On Monday night, the Toronto Raptors defeated the Philadelphia 76ers 114-103 on the road behind a season-high 35 points from DeMar DeRozan. Under different circumstances, this win would just be another footnote in a long season, especially against a team that is 13-47 on the season and barely fielding a recognizable NBA roster. But it was a win the Raptors desperately needed, to stop a season high five-game losing streak.

Four of the five losses were against quality Western Conference opponents (Warriors, Rockets, Mavericks and Pelicans), but the streak highlighted big picture concerns for a team that appeared earlier this season as though they might have been capable of making a deep playoff run. The Raptors may have stopped the losing on Monday, but it's clear there are lingering problems which might keep them from going too far when the postseason starts.

After blowing a fourth quarter lead in Dallas last week, reserve forward Patrick Patterson said the team relies too much on its isolation offense. DeRozan, one of the leaders on this team, has continually talked about the need to share the ball. In the locker room, this message is echoed by most players you talk to, and everyone is quick to point out that it's a collective problem.

"We're not good enough to individually go out and beat anyone one-on-one," Casey said prior to Saturday's loss to the Knicks. "It's not a selfish thing. [Right now], guys think they have to go out and do it on their own, and it digs us into a deeper hole."

Identifying the problem is one thing. Solving it is a much more difficult proposition, especially for a roster with so many players whose offensive game is predicated on creating one-one-one against their defender. Per Synergy, the Raptors have three players -- DeRozan, Kyle Lowry and Lou Williams -- who rank in the top 30 in offensive isolation possessions. While Lowry is shooting 44.4 percent in iso possessions, DeRozan and Williams are both shooting below 36 percent. As a team, Toronto has the fifth highest offensive isolation possessions in the league, but it is near the bottom 10 in team field goal percentage in those situations.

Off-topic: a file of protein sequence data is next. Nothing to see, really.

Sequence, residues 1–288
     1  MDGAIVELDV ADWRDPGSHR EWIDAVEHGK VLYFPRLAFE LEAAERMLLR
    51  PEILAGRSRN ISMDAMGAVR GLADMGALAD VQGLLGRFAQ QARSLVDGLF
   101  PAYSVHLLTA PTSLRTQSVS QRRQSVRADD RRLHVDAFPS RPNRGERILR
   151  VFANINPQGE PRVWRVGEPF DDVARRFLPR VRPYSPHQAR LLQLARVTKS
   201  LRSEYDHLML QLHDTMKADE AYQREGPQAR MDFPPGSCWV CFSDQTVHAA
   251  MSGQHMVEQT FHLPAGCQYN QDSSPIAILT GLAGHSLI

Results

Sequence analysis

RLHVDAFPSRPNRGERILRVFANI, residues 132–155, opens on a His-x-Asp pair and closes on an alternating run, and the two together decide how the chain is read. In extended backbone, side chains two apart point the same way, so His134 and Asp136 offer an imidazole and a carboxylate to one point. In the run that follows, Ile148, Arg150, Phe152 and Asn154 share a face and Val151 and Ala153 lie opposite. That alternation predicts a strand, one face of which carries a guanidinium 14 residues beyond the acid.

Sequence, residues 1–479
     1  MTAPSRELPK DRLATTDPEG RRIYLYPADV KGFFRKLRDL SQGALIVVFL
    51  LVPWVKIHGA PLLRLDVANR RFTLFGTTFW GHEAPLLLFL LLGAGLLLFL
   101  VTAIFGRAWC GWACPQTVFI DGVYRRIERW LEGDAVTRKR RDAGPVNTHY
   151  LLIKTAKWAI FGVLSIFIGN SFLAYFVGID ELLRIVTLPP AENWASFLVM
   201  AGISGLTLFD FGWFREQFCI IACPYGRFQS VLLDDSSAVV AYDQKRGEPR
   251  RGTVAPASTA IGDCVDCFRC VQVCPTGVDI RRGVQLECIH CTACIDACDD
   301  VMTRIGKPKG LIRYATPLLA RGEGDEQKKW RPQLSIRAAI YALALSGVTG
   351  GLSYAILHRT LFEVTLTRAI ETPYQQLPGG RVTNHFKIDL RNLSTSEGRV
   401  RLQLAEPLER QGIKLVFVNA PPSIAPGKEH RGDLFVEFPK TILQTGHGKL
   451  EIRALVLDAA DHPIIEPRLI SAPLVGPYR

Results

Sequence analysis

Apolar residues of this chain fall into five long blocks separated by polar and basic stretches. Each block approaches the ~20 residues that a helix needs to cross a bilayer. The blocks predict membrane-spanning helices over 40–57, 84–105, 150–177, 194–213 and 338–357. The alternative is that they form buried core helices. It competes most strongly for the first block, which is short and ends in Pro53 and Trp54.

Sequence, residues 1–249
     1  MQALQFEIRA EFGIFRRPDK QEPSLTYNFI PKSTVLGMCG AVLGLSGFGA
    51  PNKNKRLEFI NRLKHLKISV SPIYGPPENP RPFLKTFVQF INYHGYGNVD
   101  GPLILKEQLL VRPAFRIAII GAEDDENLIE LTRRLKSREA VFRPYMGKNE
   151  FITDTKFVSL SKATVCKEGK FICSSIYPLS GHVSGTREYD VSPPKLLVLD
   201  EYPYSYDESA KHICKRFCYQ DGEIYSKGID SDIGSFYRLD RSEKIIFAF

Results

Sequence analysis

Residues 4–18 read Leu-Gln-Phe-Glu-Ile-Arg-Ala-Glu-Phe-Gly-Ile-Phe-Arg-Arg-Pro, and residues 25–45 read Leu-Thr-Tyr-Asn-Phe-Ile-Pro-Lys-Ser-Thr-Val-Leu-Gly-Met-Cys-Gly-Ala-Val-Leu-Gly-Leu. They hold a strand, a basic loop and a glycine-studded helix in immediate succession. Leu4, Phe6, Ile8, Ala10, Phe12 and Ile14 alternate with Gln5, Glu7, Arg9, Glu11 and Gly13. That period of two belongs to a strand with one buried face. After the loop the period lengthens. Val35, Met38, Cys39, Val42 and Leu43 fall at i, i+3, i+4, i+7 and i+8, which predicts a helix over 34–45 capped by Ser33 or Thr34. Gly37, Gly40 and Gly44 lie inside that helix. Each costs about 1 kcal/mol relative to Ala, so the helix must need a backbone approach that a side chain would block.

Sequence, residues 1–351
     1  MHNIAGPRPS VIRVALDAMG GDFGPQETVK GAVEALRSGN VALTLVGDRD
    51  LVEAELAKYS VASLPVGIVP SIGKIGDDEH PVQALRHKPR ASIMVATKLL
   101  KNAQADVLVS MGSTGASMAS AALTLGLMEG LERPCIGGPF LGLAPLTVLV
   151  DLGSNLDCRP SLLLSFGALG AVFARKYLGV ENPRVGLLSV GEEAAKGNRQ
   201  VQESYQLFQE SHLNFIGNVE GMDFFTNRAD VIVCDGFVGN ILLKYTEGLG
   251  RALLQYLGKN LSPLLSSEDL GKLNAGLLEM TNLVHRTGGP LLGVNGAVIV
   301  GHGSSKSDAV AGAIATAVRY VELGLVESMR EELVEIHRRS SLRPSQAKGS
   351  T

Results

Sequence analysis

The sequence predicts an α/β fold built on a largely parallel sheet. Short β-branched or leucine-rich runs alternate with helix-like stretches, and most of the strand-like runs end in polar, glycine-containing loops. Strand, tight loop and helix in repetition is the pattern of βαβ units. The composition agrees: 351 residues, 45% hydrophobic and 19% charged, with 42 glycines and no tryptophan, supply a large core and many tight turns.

The Raptors are a perimeter-oriented team, and while ball movement can help the team create easier shots, this is Toronto's identity. The Raptors rely on their top options on offense to create for themselves and the rest of the team to hit its open shots from beyond the arc. With 22 games left in the season, the team's offensive approach isn't going to change. And despite all the criticism of how they're scoring their points, the Raptors are still fourth in the league in offensive efficiency. But the amount of isolation possessions, especially in the fourth quarter, and the team's reliance on low-percentage shots, make the Raptors a very volatile team, as we're seeing right now. It does not bode well for the playoffs.

In their 37 wins this season prior to Monday's win against the 76ers, the Raptors shot 47.0 percent from the field and 38.0 percent from three, averaging 21.9 assists and 12.4 turnovers. In their 22 losses, they're shooting 42.3 percent from the field and 28.7 percent from three, with 18.4 assists and 14.5 turnovers in those games. During that aforementioned five-game losing streak, the Raptors shot 40.4 percent from the field and 25.4 percent from three. They're a jump shooting team, and as simple as it may sound, when the shots aren't falling in, they're not going to win many games, because the ability to create those easier shots they speak about just isn't there.